• In international relations, we have witnessed a concerted effort to destroy national sovereignty and to render national boundaries meaningless, rendering once proud nations into groups of migrants who speak broken English.

• In economics, every effort is being made to dismantle and suppress the power of organized labor, to open up the labor market to economic migrants, and to suppress local businesses in favor of transnational corporations.

To survive collapse, it is essential to surround yourself with people who are like you, with whom you can find common purpose, whose character you can immediately assess and whom you can trust. Without it, you are thrust into a dangerous environment—a war of all against all. But this war of all against all creates excellent cover for those in positions of leadership and authority who could have done something to mitigate the worst effects of the coming collapse, but have done nothing. Well, not quite; they have done something. They have gone out of their way to destroy society and culture.

It is important to note that participation in the cultural collapse juggernaut is by no means universal. Even in Europe some members, such as Hungary and Poland, are starting to push back against it, to say nothing of very large players such as China, Russia and Iran, who have managed to buck many of these trends. These differences will probably be useful in predicting which countries will survive collapse, and which won’t.

A Color Revolution in a Teacup


Our concept of success changes as we age. When we are young but not quite mature, we are able to engage in all sorts of ridiculous exploits. Later, when we are no longer young, just a successful trip to the outhouse turns out to be enough of a celebratory cause. Same goes for aging empires. When young, they trash large, important countries, but then help rebuild them. Later, they confine themselves to just trashing them. Even later, they attempt to trash small, weak countries, and fail even at that. Eventually such failures become too small to notice. Have you noticed what just happened in Armenia? Exactly.

In case you don’t know, Armenians are one of the most ancient nations on Earth. The country of Armenia started out as the Kingdom of Urartu around 9000 BC, and persists to this day, although most Armenians now make up a diaspora nation, like the Jews. Up until the 1990s Armenia was part of the USSR, and benefited greatly from this inclusion, but after the USSR dissolved it has languished. Virtually all of the industry that the Soviets built in Armenia shut down, and the specialists that worked in it filtered out to greener pastures elsewhere. Armenia deindustrialized and became largely agrarian, its economy focused on commodities such as apricots, wine and brandy, plus a bit of tourism.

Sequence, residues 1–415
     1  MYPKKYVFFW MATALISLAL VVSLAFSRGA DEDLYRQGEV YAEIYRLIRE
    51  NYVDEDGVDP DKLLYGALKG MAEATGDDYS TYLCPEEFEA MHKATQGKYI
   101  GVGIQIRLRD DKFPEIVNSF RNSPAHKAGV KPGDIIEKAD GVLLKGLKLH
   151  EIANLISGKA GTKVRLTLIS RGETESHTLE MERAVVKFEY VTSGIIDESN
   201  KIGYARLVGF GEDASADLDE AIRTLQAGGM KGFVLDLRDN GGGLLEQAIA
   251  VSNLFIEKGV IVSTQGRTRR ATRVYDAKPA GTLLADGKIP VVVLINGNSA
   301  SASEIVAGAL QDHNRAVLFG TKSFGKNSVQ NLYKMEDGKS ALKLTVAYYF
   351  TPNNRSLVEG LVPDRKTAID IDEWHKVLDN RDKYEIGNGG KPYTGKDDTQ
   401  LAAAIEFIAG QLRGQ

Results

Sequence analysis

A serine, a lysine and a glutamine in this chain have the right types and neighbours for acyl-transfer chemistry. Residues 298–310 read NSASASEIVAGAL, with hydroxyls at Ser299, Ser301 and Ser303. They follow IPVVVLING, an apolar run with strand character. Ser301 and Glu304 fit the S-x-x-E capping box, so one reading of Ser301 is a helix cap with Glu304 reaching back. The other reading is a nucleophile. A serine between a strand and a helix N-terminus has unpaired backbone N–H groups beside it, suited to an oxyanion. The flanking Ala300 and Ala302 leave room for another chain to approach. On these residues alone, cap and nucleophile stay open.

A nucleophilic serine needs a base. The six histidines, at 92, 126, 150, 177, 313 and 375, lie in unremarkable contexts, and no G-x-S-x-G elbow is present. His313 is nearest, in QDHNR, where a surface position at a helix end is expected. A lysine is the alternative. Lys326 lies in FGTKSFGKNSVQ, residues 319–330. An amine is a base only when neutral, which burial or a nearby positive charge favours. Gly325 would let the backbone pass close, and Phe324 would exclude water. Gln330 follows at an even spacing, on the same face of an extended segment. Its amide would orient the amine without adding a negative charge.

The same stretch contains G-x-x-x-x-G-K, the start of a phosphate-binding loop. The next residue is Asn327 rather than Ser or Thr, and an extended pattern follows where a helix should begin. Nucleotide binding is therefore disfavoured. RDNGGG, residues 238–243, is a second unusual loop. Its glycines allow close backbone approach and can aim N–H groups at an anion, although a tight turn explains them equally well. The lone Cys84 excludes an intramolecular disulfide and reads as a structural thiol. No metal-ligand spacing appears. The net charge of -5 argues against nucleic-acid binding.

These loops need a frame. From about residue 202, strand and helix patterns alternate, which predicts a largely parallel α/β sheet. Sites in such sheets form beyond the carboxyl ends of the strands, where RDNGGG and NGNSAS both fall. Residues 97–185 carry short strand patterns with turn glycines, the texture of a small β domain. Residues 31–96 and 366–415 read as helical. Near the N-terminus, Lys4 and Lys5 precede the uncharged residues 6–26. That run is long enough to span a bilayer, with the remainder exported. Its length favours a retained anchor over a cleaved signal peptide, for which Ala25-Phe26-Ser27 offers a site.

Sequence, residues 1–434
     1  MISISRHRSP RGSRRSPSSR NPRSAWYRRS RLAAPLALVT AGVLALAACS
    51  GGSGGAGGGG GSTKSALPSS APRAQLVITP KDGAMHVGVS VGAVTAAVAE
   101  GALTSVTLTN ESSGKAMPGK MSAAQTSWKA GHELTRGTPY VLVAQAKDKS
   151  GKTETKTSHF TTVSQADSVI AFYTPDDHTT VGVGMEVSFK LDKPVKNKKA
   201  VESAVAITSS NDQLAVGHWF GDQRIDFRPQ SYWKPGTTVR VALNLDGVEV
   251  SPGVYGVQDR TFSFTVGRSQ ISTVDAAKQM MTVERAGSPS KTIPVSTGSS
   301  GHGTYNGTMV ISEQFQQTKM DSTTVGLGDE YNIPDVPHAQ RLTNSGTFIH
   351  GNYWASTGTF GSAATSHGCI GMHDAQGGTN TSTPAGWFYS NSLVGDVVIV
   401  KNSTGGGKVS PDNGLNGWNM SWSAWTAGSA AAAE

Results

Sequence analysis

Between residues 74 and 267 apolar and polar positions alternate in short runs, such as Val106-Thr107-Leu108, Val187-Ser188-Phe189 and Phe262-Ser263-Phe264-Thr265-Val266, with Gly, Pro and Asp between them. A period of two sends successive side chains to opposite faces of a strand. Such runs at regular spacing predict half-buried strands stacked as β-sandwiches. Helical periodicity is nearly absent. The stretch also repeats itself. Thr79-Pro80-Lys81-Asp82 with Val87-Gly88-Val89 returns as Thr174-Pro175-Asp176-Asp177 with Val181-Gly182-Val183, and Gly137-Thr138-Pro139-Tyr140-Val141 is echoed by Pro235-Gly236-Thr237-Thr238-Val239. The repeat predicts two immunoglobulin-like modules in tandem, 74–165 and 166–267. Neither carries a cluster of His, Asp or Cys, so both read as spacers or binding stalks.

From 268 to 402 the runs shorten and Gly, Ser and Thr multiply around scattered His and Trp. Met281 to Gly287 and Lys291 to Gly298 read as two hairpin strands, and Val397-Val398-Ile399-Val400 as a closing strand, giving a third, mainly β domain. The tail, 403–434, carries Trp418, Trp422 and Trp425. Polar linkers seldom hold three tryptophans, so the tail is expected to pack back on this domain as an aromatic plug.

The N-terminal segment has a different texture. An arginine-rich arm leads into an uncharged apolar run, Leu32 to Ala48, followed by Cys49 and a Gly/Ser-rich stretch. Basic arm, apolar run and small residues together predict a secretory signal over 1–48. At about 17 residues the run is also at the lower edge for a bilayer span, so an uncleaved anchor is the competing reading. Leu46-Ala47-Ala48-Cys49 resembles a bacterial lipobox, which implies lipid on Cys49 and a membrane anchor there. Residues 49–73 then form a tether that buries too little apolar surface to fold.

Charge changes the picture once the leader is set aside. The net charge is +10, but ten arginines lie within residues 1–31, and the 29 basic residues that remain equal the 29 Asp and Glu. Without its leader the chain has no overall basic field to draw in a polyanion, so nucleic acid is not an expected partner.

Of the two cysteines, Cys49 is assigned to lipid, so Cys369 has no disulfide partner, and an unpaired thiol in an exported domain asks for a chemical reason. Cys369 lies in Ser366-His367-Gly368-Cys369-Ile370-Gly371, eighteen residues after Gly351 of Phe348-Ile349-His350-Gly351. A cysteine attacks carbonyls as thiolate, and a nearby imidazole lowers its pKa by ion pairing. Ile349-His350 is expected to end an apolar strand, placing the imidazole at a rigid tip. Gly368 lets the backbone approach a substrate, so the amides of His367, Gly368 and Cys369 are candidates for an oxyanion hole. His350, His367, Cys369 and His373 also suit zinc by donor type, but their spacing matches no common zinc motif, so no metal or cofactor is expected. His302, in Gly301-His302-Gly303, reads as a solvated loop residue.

Armenia’s difficulties have to do with certain problems caused by its location. Armenia is landlocked, with no access to major trade routes. It borders countries that range from useless to hostile: Georgia is more or less hostile and also economically useless; Turkey is useful but hostile; so is Azerbaijan (inhabited by Azeri Turks); Iran is useless (and the north of it is also inhabited by Azeri Turks). Throw in a region disputed between Armenia and Azerbaijan (Nagorno-Karabakh) which is inhabited by Armenians but claimed by Azerbaijan, and requires the presence of Russian peacekeepers for the maintenance of the status quo, and you have a prescription for economic and political limbo.

Things were looking a bit sad in Armenia, but then it joined the Eurasian Economic Union, which is a free trade zone that includes Russia and other former Soviet republics. It provides a very large area for the free movement of capital, goods and labor, and there are plans for it to provide security guarantees. Thanks largely to its membership in the EAEU, last year the Armenian economy grew at a blistering 7.5% and people in Washington, DC and Langley, VA sat up and took notice. The American establishment views such Russia-centered success stories as most troubling. It was time to rope Armenia in.

Helpful to this effort was the fact that Yerevan, Armenia’s capital, hosts the second largest US embassy compound in the world, staffed to perfection with trained regime changers. Add to this the presence of Western NGOs, lavishly funded by George Soros et al., to assist in the effort. All of them pushed in the direction of, to put it bluntly, dismantling Armenia and turning it into just another denatured territory managed to perfection by international bureaucrats and bankers. In particular, they pushed through constitutional reform that changed it from a presidential republic to a parliamentary one (a dumb move for a country that is in a permanent state of near-war because of hostile neighbors and contested territories).

Add to this the fact that Armenia is a bit soft-headed. It is the bane of diaspora nations that the home country ends up pretty much fully stocked with imbeciles. Take a population of rats. (Mind you, I am not comparing Armenians to rats; I am comparing Armenia to a laboratory experiment.) Let all the rats smart enough to successfully run a maze—or, in the case of Armenia, learn a foreign language, get a passport and a visa, and find a job in a foreign country—escape, and a few generations later a lot of the rats that haven’t escaped are dumb as shit.

And so the Color Revolution Syndicate went to work. After a few days of street protests that paralyzed the capital the parliament was sufficiently intimidated to elect as Prime Minister one Nikol Pashinyan, a politician whose parliamentary faction polled at below 10%. The effort was aided by the fact that the former Prime Minister was rather feckless and didn’t seem to like his job anyway. The newly chosen Prime Minister was said to be a pro-Western reformer.